Negotiating Salary and Evaluating An Offer
When you are in the job search process, sooner or later you will need to prepare yourself to have the money discussion with an employer. You may be asked to add “Salary Requirements” in an online application before even starting the interview process. or to provide a range of desired salaries early on in the process. Doing this research well in advance will ensure that your expectations are realistic so that you don’t over-price yourself and lose out on an opportunity – and just as importantly, that you don’t under-value yourself in the job market.
As you start this process, take the time to understand your “salary range.” Your desired salary range starts with the absolute minimum this role may offer that you could accept, up to the high end of the salaries you’re able to find for such a position. Your ideal number falls typically somewhere in between, allowing for adjustments based on the specific role for which you’re interviewing for and the location(s) in which you hope to be. How do you do this? Research.
Begin by identifying your minimum requirements – how much money you will need to support yourself. Estimate rent, food, commuting and clothing costs for the cities or areas you are considering (again, NerdWallet is especially helpful here). Add in your student loan or other debt payments, if you will have them, and always try to factor in some amount for savings. Make sure you factor in incidental or miscellaneous expenses, such as any costs associated with your social and entertainment activities. Then total everything up to identify your minimum number.
Next, learn about salaries typical for your industry of interest and for new graduates – a great place to start is with the Career Survey reports produced by Penn Career Services for each graduating class. You can also check out reputable online resources (Glassdoor, Nerdwallet, Salary.com, etc.), paying attention to regional and national averages and cost-of-living differences as well as salaries of your target organization’s closest competitors, and perhaps even by talking with people currently working in the field. This will give you an idea of the median or higher end of the range of salaries you may wish to seek.
Note that once you’re interviewing, know that salary negotiation should be one of the last steps in the job search process, when the employer is ready to make you an offer. It is a best practice as the candidate to wait for the employer to introduce the subject.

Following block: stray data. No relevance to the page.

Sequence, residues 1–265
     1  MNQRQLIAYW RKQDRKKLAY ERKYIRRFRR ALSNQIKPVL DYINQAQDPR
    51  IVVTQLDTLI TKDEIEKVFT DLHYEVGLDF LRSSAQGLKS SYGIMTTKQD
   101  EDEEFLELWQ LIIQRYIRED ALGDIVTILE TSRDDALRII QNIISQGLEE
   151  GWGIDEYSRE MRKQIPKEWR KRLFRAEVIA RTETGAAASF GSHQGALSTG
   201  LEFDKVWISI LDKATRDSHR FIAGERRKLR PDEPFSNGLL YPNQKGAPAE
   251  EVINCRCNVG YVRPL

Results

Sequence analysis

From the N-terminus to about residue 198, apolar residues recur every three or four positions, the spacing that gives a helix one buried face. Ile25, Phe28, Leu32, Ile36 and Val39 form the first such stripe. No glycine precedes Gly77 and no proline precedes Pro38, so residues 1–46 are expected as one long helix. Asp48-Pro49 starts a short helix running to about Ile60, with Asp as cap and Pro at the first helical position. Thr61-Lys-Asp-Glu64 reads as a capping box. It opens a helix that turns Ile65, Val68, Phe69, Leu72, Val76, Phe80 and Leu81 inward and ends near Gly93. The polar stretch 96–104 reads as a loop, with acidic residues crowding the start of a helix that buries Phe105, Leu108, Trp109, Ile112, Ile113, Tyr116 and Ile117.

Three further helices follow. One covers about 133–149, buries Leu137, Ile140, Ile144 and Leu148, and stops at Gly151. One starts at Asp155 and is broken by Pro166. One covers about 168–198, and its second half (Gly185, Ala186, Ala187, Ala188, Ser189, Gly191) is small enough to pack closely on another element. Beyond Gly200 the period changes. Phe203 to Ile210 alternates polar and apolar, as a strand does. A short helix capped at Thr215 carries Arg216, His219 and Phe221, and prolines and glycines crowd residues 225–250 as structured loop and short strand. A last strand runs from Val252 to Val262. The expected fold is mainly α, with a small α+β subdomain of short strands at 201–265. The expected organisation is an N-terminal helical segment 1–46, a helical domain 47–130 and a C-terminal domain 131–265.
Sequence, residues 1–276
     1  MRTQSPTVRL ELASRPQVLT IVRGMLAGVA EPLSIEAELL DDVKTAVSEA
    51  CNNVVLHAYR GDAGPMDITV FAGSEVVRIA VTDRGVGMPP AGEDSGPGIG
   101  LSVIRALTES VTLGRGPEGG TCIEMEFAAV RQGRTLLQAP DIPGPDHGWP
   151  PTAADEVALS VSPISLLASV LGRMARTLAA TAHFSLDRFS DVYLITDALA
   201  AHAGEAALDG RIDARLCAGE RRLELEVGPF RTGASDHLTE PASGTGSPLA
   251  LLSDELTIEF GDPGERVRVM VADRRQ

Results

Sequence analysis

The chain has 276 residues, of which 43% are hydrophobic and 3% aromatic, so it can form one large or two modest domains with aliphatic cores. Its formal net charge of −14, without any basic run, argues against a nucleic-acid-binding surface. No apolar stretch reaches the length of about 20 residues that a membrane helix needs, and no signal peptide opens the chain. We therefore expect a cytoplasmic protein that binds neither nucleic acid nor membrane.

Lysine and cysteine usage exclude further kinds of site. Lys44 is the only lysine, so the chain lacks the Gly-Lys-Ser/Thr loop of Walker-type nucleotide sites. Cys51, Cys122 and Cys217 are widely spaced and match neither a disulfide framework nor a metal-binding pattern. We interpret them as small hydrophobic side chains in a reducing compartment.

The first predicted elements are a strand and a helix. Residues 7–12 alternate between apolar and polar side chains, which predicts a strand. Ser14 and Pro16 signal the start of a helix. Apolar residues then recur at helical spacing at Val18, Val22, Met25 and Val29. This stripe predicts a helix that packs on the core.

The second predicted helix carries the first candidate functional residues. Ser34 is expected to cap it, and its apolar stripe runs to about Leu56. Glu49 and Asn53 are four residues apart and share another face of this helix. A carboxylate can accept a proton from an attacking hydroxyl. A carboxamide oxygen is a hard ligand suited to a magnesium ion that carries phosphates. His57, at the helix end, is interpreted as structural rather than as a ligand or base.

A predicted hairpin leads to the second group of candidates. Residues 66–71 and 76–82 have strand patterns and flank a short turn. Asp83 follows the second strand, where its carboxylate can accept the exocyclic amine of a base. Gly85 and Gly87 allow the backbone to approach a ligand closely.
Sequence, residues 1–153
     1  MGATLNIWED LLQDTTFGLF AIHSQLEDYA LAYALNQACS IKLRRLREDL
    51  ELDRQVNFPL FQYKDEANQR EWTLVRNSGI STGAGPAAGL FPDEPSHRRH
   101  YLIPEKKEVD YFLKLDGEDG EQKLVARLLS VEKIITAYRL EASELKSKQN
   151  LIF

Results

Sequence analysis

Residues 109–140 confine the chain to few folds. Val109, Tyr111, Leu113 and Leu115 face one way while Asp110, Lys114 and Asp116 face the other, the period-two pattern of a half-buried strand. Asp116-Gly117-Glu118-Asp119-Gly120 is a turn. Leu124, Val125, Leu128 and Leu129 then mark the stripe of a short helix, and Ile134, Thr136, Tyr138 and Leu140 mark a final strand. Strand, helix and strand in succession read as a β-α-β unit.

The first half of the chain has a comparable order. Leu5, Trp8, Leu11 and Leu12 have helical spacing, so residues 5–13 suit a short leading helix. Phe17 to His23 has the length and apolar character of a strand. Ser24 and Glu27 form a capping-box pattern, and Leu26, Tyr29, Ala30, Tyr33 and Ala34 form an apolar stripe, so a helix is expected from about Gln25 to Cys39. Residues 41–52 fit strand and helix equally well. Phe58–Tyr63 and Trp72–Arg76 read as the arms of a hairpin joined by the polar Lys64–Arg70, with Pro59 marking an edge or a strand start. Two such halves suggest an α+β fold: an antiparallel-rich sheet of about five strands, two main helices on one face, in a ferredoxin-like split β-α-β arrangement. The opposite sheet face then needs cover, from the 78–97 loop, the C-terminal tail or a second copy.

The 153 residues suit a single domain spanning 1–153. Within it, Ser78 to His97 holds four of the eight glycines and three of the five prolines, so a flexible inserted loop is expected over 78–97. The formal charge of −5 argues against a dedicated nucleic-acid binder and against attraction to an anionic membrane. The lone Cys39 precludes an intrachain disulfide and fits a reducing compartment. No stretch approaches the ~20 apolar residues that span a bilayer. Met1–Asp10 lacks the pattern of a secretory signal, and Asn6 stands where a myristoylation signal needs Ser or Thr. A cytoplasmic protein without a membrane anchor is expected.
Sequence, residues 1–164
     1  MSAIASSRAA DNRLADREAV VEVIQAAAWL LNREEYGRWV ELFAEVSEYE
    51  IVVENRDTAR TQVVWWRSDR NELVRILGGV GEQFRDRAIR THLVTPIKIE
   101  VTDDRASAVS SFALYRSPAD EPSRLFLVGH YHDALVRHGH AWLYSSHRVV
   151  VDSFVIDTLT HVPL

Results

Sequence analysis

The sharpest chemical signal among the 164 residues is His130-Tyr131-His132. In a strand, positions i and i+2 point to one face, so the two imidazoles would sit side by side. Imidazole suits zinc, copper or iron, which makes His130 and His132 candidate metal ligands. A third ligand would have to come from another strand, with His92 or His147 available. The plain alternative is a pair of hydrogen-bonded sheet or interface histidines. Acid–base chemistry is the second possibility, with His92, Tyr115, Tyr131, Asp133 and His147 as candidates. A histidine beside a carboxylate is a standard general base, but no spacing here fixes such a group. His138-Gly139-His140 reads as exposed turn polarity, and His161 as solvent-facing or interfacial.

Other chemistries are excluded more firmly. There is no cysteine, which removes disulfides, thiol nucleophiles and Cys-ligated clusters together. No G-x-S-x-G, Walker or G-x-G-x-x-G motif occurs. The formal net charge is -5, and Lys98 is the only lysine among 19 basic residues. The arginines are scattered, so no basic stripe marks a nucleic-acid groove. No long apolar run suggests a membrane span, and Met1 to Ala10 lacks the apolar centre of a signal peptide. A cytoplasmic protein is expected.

Don’t make the mistake of walking to a job interview without preparing yourself
Rules for Negotiating a Job Offer
You’re in a third-round interview for a job at a company you like, but a firm you admire even more just invited you in. Suddenly the first hiring manager cuts to the chase: “As you know, we’re considering many candidates. We like you, and we hope the feeling is mutual. If we make you a competitive offer, will you accept it?”
You’ve received an offer for a job you’ll enjoy, but the salary is lower than you think you deserve. You ask your potential boss whether she has any flexibility. “We typically don’t hire people with your background, and we have a different culture here,” she responds. “This job isn’t just about the money. Are you saying you won’t take it unless we increase the pay?”
You’ve been working happily at your company for three years, but a recruiter has been calling, insisting that you could earn much more elsewhere. You don’t want to quit, but you expect to be compensated fairly, so you’d like to ask for a raise. Unfortunately, budgets are tight, and your boss doesn’t react well when people try to leverage outside offers. What do you do?
Each of these situations is difficult in its own way—and emblematic of how complex job negotiations can be. At many companies, compensation increasingly comes in the form of stock, options, and bonuses linked to both personal and group performance. In MBA recruitment, more companies are using “exploding” offers or sliding-scale signing bonuses based on when a candidate accepts the job, complicating attempts to compare offers. With executive mobility on the rise, people vying for similar positions often have vastly different backgrounds, strengths, and salary histories, making it hard for employers to set benchmarks or create standard packages.
In some industries a weak labor market has also left candidates with fewer options and less leverage, and employers better positioned to dictate terms. Those who are unemployed, or whose current job seems shaky, have seen their bargaining power further reduced.
But job market complexity creates opportunities for people who can skillfully negotiate the terms and conditions of employment. After all, negotiation matters most when there is a broad range of possible outcomes.